Tune in to WKCR 89.9 FM NY on Thursday, March 10th as we dedicate a full day of programming to celebrate the anniversary of Bix Beiderbecke’s birthday.
Thursday, March 10, 2016 (All day)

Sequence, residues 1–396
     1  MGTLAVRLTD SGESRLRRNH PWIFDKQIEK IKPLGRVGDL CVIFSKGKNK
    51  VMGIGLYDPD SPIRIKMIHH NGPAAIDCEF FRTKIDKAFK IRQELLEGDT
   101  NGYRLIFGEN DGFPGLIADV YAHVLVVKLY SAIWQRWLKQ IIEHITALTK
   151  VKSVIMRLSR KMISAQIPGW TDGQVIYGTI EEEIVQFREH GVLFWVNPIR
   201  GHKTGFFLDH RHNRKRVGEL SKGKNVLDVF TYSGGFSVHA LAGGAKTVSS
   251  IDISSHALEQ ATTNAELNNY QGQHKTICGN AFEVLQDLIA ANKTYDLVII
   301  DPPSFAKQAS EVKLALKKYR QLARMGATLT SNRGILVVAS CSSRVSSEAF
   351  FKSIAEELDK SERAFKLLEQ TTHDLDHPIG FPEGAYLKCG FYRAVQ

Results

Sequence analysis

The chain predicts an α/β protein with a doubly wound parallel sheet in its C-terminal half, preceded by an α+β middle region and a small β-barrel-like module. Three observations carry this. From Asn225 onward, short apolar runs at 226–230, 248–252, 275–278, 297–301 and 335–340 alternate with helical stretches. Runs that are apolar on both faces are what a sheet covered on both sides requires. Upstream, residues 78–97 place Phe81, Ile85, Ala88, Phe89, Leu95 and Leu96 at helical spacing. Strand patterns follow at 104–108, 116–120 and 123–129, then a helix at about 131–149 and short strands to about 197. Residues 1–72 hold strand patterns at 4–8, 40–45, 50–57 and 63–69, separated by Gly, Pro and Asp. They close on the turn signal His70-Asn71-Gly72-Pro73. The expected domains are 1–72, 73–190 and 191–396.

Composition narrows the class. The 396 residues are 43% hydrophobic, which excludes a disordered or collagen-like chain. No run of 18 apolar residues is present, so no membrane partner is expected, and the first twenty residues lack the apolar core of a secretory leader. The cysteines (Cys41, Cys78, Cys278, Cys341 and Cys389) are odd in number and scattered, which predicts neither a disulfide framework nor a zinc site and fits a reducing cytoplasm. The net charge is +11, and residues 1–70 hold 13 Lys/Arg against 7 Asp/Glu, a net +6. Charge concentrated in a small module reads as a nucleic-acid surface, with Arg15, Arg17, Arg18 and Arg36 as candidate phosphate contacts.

Cornetist, pianist, and composer Leon “Bix” Beiderbecke (b. March 10, 1903 in Davenport, Iowa) was one of the great musical innovators to emerge in the 1920s. One of jazz’s earliest soloists, he is of enduring importance to the dynamic history of jazz. A self-taught musician, Bix joined a seven-man group called the Wolverines in 1923, leaving the group in a year later to play with the Jean Goldkette orchestra. In 1927, he joined the most popular band of the time, the Paul Whiteman Orchestra, the band of the self-proclaimed “King of Jazz.” Cornetist Rex Stewart recalled, “Didn’t sound like Louis or anybody else. But just so pretty, and that tone he got. Knocked us all out.” But in 1931, Beiderbecke passed away at the age of twenty-eighth. He became “Jazz’s Keats” as Dorothy Baker’s novel, A Man With a Horn, and subsequent Hollywood films mythologized him as jazz’s fallen hero. Beyond the legend, we remember him for his curious, extraordinary style and pure, cool tone. Bix lives!